• Warfarin is ceased and intravenous heparin instituted to allow INR to decrease to a level appropriate for surgery
      • Warfarin is then reinstituted post surgery
      • INR is checked on a daily basis until it is within therapeutic range, and heparin therapy discontinued once this has been achieved
      • As this requires inpatient hospital management, significant social and financial costs, and interdisciplinary co‐operation, it is not an appropriate management protocol for less complicated surgery or low‐risk patients
    If INR is >4.0
    • Delay elective dental treatment and inform the patient’s general medical practitioner or anticoagulation service if they are not already aware
    • Refer to secondary care if urgent treatment is required
    • Be aware that prescribing amoxicillin for the dental condition may affect the INR level; ideally the INR should be checked 24 h after starting the antibiotic
    • Enquire if there have been any recent health or dietary changes that may have contributed to increased INR
    If INR is <4.0
    • Treat without interrupting vitamin K antagonists
    • Consider limiting initial treatment area (e.g. perform a single extraction or limit subgingival periodontal scaling to 3 teeth, then assess bleeding before continuing)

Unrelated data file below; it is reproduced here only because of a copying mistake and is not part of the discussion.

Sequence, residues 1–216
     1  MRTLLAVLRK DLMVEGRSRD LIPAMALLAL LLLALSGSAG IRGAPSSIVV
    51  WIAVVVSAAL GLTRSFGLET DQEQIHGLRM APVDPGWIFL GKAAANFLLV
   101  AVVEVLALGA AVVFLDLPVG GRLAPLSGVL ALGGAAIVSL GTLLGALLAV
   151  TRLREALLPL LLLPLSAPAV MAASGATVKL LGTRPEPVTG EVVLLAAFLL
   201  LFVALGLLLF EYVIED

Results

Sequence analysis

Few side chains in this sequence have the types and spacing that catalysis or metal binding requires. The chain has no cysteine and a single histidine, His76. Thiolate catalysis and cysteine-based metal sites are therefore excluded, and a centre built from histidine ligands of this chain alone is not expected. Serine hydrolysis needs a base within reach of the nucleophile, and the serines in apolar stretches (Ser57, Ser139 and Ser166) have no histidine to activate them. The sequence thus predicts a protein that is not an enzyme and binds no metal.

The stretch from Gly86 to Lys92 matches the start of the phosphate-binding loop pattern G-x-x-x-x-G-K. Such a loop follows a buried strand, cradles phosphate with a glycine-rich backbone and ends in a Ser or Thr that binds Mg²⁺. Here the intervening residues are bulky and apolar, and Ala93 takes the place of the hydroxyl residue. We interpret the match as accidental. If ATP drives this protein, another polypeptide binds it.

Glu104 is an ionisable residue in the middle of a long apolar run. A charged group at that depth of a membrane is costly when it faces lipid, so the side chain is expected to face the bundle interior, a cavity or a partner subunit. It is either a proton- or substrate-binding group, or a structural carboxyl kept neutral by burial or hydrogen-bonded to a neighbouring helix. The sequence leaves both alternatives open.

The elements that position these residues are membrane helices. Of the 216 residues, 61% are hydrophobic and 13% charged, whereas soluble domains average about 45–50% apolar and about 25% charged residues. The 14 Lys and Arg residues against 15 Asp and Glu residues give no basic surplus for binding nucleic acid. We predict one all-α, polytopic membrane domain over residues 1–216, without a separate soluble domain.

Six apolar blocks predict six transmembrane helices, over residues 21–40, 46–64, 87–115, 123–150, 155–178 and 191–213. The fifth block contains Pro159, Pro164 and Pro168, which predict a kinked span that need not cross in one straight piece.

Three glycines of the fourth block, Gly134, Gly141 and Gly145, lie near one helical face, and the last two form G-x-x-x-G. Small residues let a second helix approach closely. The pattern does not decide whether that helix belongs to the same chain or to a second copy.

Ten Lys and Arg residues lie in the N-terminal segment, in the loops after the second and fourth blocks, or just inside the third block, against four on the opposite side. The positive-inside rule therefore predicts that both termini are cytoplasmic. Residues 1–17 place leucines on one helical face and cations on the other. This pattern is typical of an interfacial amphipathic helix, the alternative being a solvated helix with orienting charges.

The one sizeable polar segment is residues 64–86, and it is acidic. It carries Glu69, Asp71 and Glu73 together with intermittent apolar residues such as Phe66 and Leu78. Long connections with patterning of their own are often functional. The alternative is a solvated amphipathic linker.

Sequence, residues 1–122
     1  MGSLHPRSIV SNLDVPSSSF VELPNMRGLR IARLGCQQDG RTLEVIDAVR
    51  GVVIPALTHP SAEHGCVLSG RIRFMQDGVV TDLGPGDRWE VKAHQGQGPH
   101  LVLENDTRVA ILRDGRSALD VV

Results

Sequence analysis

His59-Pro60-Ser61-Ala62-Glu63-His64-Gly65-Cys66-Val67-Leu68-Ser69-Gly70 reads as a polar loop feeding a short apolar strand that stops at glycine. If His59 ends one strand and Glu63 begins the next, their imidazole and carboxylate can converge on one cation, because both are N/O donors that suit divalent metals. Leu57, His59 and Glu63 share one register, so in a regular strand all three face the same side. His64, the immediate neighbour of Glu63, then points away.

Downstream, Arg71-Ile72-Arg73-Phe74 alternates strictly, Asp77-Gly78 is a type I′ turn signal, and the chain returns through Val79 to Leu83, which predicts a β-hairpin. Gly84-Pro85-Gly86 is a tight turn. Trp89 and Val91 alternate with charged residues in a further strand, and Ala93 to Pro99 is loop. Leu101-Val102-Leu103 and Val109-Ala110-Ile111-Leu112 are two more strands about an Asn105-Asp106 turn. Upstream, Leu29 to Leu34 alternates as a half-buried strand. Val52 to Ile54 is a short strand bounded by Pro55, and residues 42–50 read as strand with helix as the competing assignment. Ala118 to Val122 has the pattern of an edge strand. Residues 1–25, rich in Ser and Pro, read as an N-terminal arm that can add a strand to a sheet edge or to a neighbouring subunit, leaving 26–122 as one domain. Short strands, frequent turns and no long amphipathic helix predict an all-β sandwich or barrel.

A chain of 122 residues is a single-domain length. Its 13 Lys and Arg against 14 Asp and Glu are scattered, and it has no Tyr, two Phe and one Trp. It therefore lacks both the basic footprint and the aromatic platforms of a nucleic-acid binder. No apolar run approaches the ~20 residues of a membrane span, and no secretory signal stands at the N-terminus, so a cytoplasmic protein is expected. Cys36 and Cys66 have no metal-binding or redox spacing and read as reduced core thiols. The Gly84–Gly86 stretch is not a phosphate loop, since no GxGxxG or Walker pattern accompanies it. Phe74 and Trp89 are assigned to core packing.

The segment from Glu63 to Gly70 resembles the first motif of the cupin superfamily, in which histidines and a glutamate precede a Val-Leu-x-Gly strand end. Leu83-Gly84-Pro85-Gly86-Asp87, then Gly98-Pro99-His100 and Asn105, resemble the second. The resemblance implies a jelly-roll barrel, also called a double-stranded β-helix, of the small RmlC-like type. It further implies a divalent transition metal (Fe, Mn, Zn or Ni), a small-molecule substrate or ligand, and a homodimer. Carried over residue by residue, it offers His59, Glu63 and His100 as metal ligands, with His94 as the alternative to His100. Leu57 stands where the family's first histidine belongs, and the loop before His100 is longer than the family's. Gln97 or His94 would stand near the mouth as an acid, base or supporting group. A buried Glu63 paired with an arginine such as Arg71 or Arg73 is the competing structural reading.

• For procedures with a higher risk of postoperative bleeding complications, consider staging treatment over separate visits
    • Use local haemostatic measures to achieve haemostasis; actively consider suturing and packing, taking into account patient factors
    • Consider tranexamic acid 5% mouthwash 10 mL for 2 min, 4 times daily for 2–5 days (utility of tranexamic acid as an additional haemostatic measure in warfarinised patients is controversial)
    • Advise patient to take paracetamol, unless contraindicated, for pain relief rather than aspirin or other non‐steroidal anti‐inflammatory drugs
    • Caution with prescription of metronidazole, erythromycin, broad‐spectrum antibiotics, sulfonamides, tetracycline and azole antifungals
    • If prescribing more than a single dose of antibiotic, consider reviewing patients routinely at 2–3 days postoperatively to check INR, remembering that absence of bleeding does not rule out an elevated INR
    • Be aware that presurgery fasting and problems eating due to multiple extractions may have an effect on INR
    • There is strong evidence of increased risk of serious thromboembolic complications, including death, in patients whose anticoagulant therapy is interrupted
    • This risk is significantly higher than the risk of bleeding complications in patients whose anticoagulant therapy is continued
    • The overwhelming majority of patients taking warfarin before and after extractions whose INR is <4.0 at time of extraction do not have clinically significant bleeding postoperatively that requires more than local haemostatic measures, and any increase in bleeding is manageable at home
  7. What other factors do you need to consider in your risk assessment?
    • Social
      • Reduced mobility
      • Wheelchair accessibility to/within dental clinic
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Nov 6, 2022 | Posted by in Implantology | Comments Off on Treatment with Warfarin (Acenocoumarol)